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A Dream Referred

By Kathy Y. Wilson · February 21st, 2002 · Your Negro Tour Guide
We're the reflection of our ancestors.
We'd like to thank you for the building blocks you left us.
As your spirit possessed us, yo, you blessed us.
Thank you very much.
Thank you very much.
Thank you very much.

-- "Africa Dream" by Talib Kweli and Hi-Tek

For a 17-year-old black girl whose failure seemed imminent, guaranteed and certain, finding Nikki Giovanni proved to be a testament of possibilities.

When I first saw a book of poetry by a black woman for sale in a bookstore, it was like looking in a mirror and seeing not a face but a reflection of a future that didn't include heartbreak, disappointment, suicide or anguish. Rather, I saw a future fraught with the hard tasks of intellectual introspection, spiritual reckoning and writing.

Always writing.

The writing proved to be the most difficult. The black teen-aged girl I was then knew I would, most times, be writing for my very life.

Writing made me selfish because of the solitude it demanded. And I knew early on that writing, and any recognition to come from it, would slam a wedge of jealousy between envious onlookers and myself.

But I knew there'd also be as many lovers.

In the winter of my junior year at Greenhills High School -- Nov. 19, 1982, to be exact -- I bought a $2.95 copy of Giovanni's The Women and the Men at the bookstore in Tri-County Mall. I didn't know what I was getting into.

I didn't understand what its poems said, except that it was over my head. I knew this full well, even as I thumbed through the slender book.

I bought it, anyway.

Back then, I was getting a $5 per week allowance that, along with babysitting income, went to gas, lunch, recreation, books and magazines.

Three bucks for a book set me back. Twenty years later, I still have it. Sometime between high school and dropping in and out of college, I studied it when I first thought I was a poet.

A few weeks ago, my fingers felt numb, my limbs went hollow and my pulse quickened as I prepared to dial Giovanni's phone number at Virginia Tech University. I interviewed her for a preview piece for her appearance at the University of Cincinnati (see Poetic Equations).

I was suddenly panicked by the thought of having scripted lame questions. It was too late. The phone was ringing. I'd just be charming. I'd done no real research. I was an idiot.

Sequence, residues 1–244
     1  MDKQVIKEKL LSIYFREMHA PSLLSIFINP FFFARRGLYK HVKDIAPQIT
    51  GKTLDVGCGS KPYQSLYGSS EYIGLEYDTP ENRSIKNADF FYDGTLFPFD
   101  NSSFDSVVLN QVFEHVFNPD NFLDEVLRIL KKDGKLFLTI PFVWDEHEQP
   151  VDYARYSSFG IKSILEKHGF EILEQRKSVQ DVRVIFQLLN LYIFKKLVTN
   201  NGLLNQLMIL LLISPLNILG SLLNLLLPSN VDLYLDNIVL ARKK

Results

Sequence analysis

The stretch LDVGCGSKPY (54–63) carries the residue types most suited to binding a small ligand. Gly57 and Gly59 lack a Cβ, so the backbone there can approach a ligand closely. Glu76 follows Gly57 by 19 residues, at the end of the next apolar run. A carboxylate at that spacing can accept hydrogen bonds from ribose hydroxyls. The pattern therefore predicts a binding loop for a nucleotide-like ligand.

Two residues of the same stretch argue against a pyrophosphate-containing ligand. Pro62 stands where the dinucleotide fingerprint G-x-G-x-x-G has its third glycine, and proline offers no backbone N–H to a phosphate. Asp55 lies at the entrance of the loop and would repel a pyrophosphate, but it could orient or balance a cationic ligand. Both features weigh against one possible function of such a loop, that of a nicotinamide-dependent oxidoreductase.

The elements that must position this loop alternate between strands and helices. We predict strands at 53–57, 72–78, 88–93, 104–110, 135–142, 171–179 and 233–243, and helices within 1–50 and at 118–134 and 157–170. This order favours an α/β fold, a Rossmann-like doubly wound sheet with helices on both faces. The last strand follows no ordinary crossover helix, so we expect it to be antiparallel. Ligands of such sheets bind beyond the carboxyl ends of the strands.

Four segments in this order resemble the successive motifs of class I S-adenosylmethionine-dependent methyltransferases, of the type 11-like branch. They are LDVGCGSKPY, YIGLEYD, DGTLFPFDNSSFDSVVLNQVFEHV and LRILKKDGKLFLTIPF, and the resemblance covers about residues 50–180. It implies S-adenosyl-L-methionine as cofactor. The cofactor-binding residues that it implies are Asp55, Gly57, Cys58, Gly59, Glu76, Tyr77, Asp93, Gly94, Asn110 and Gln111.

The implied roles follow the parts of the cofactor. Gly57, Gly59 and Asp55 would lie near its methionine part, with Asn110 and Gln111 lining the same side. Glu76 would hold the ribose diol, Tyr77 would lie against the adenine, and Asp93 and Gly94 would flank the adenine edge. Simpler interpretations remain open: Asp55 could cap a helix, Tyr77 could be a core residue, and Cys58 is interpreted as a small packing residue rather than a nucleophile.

"Giovanni," she answered, not with anticipation but with interruption.

She was experiencing minor computer problems. Our conversation was just that -- a conversation -- from which I managed to eke a short story. I had to name that tune in about 700 words, and I could've easily gone on for 1,000 more.

That's the problem and the honor inherent in calling to interview someone who's surpassed idolatry. You've got to boil all that respect, admiration and nuance down to a digestible story.

As a journalist, I've been blessed to have met, interviewed or been introduced to real legends. I'm talking now about people on album covers in my living room who've lived what I hear coming from my speakers. I've always tried to write like a Jazz or Hip-Hop cut.

I've interviewed and/or met Jazz titans Ron Carter and Dave Brubeck, Freedom Singers founder and Sweet Honey in the Rock anchor Bernice Johnson Reagon, Classical composer John Adams, poets jessica care Moore and Saul Williams, Wynton Marsalis, Jazz/Rock drummer Cindy Blackman, Hip-Hop impresario Hi-Tek and so many others.

I've even interviewed Fiona Apple and The Fairfield Four and gotten laudatory e-mails from Chocolate Genius. I've hung out with Jazz organist Dr. Lonnie Smith, Jazz vocalist Renee Marie and Jazz legend Shirley Horn, who invited me to her Washington, D.C. home for a fish dinner.

These people rock my world. But they didn't make me nervous. They didn't rattle me.

Giovanni was vastly different. It could have been because she's the only writer with some amount of history. She's not a peer writer -- she's an elder. I think it's that she's from Cincinnati and I've spent most of my significant years here developing my craft and myself.

Giovanni lives. Therefore, I know this city cannot possibly kill, stifle, extinguish or rid itself of me.

Giovanni thrives as her cornrowed, tattooed outspoken self. That means I can, too.

My own potential was palpable as I tried deciphering The Women and the Men 20 years ago. Giovanni realized herself and she remains. So, then, could I.

So, then, do I.

Hear Kathy's commentaries on National Public Radio's All Things Considered.


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